Nutrient density is enormously important for an athlete. There is a huge difference between consuming a source of food rich in vitamins, minerals, proteins, and fatty acids to help the body recover versus simply consuming a high amount of calories from a large post-workout pizza or glass of commercial chocolate milk. When it comes to nutrient density, goat’s milk packs a tremendous punch.
Studies have shown that minerals and electrolytes found in goat’s milk—such as calcium, phosphorus, iron, copper, zinc, magnesium, and selenium—are better absorbed and utilized by the body than those same minerals found in cow’s milk. For athletes concerned about muscle function, hydration, and bone density, this is a huge consideration.
But the nutrient density benefits of goat’s milk don’t stop with minerals. Italian researchers have discovered that goat milk stimulates the release of nitric oxide, a potent molecule that causes blood vessels to relax and widen, allowing for faster glucose and oxygen delivery to working muscles.
Goat’s milk is also an excellent source of medium-chain fatty acids, healthy fats that the body can use as an energy source during exercise. Medium-chain fatty acids have also been shown to keep dangerous triglyceride and oxidized cholesterol levels low, thus lowering risk of heart disease or stroke during physical performance.
The vitamin A content of goat’s milk is also higher than that of cow’s milk. Though cow’s milk does contain vitamin A, it comes in the form of carotenoids which need to be converted by your body before they can become vitamin A. When you drink goat’s milk, however, the vitamin A is readily formed and immediately absorbed by the body.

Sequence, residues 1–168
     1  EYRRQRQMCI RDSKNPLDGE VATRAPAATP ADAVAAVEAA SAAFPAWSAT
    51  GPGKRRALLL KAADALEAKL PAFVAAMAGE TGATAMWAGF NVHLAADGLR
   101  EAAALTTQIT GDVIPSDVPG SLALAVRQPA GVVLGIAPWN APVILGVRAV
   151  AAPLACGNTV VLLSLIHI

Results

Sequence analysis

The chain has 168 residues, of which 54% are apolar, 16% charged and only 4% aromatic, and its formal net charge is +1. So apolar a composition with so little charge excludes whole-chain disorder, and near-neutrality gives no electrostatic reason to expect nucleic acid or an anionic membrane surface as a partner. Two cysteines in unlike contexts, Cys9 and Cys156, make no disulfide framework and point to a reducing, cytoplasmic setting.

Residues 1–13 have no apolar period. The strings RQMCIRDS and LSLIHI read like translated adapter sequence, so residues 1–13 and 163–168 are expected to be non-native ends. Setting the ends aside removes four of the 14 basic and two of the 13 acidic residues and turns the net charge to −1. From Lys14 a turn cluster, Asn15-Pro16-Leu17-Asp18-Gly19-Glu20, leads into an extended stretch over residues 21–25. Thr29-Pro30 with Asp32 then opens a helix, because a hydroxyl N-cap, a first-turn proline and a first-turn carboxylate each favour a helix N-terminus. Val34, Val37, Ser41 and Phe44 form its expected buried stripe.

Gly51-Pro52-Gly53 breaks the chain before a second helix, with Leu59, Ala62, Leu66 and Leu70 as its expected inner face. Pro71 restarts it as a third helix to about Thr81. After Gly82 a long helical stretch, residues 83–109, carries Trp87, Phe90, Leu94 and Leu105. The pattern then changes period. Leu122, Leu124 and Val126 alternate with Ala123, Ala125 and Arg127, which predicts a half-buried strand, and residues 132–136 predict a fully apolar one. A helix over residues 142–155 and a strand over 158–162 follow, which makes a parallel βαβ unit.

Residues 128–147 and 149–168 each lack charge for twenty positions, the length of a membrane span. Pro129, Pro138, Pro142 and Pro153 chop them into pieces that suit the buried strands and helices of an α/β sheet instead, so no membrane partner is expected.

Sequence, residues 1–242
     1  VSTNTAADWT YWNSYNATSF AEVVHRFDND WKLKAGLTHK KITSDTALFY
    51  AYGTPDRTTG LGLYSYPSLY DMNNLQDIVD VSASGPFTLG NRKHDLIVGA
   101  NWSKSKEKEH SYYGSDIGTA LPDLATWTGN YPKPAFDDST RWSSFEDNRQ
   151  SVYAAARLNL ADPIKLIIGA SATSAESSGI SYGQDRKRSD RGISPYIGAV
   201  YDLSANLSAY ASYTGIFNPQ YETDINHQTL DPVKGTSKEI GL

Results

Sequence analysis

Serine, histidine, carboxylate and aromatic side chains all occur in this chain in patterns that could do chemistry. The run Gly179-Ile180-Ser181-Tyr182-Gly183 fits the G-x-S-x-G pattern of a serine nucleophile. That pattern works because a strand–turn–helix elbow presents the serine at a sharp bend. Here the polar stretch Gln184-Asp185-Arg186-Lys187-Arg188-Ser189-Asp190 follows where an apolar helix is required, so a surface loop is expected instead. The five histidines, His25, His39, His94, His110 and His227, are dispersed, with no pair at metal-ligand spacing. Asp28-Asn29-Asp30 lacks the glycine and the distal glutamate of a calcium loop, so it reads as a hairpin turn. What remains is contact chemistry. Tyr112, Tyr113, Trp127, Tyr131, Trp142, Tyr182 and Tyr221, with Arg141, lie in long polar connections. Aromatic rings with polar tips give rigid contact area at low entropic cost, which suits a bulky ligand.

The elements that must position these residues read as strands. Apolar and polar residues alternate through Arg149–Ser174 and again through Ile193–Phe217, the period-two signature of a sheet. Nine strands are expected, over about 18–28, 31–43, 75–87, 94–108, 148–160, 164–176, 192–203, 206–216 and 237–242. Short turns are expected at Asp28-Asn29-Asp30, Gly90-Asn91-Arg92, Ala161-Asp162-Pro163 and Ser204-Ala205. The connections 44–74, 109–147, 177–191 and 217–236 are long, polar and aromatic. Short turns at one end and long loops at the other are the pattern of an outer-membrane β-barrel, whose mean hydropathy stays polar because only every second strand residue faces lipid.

Goat’s milk also has higher amounts of riboflavin (B2) than cow’s milk. Riboflavin assists in the metabolism of proteins and carbohydrates, and strengthens your immune system by stimulating the production of antibodies. Goat’s milk also contains more protein and calcium than cow milk.
Are you concerned about food intolerances or suspicious you may have them? Do you suffer from constipation, bloating, and gas before, during, or after workouts? Do you find that no matter how much you eat, you still get food cravings, run out of energy, or can’t seem to recover quickly?
If so, it’s very likely that at least one—and perhaps all—of the barriers I just described exist in your life. One of the first things you can do to change things for the better is to identify any sources of commercial dairy and cow-derived compounds in your refrigerator, cupboard, recovery powders, or workout beverages and replace them with goat-derived compounds. This is a step I’ve personally taken and it was one of the best things I ever did for my gut, my immune system, and my performance.
Now that you’re equipped with knowledge you need to take action, Go do it!
Ben Greenfield is a champion ironman and performance consultant to Mt. Capra Products, Inc. His podcast can be heard at bengreenfieldfitness.com. Joe Stout, MS, is Mt. Capra’s clinical nutrition scientist. They can be reached at firstname.lastname@example.org.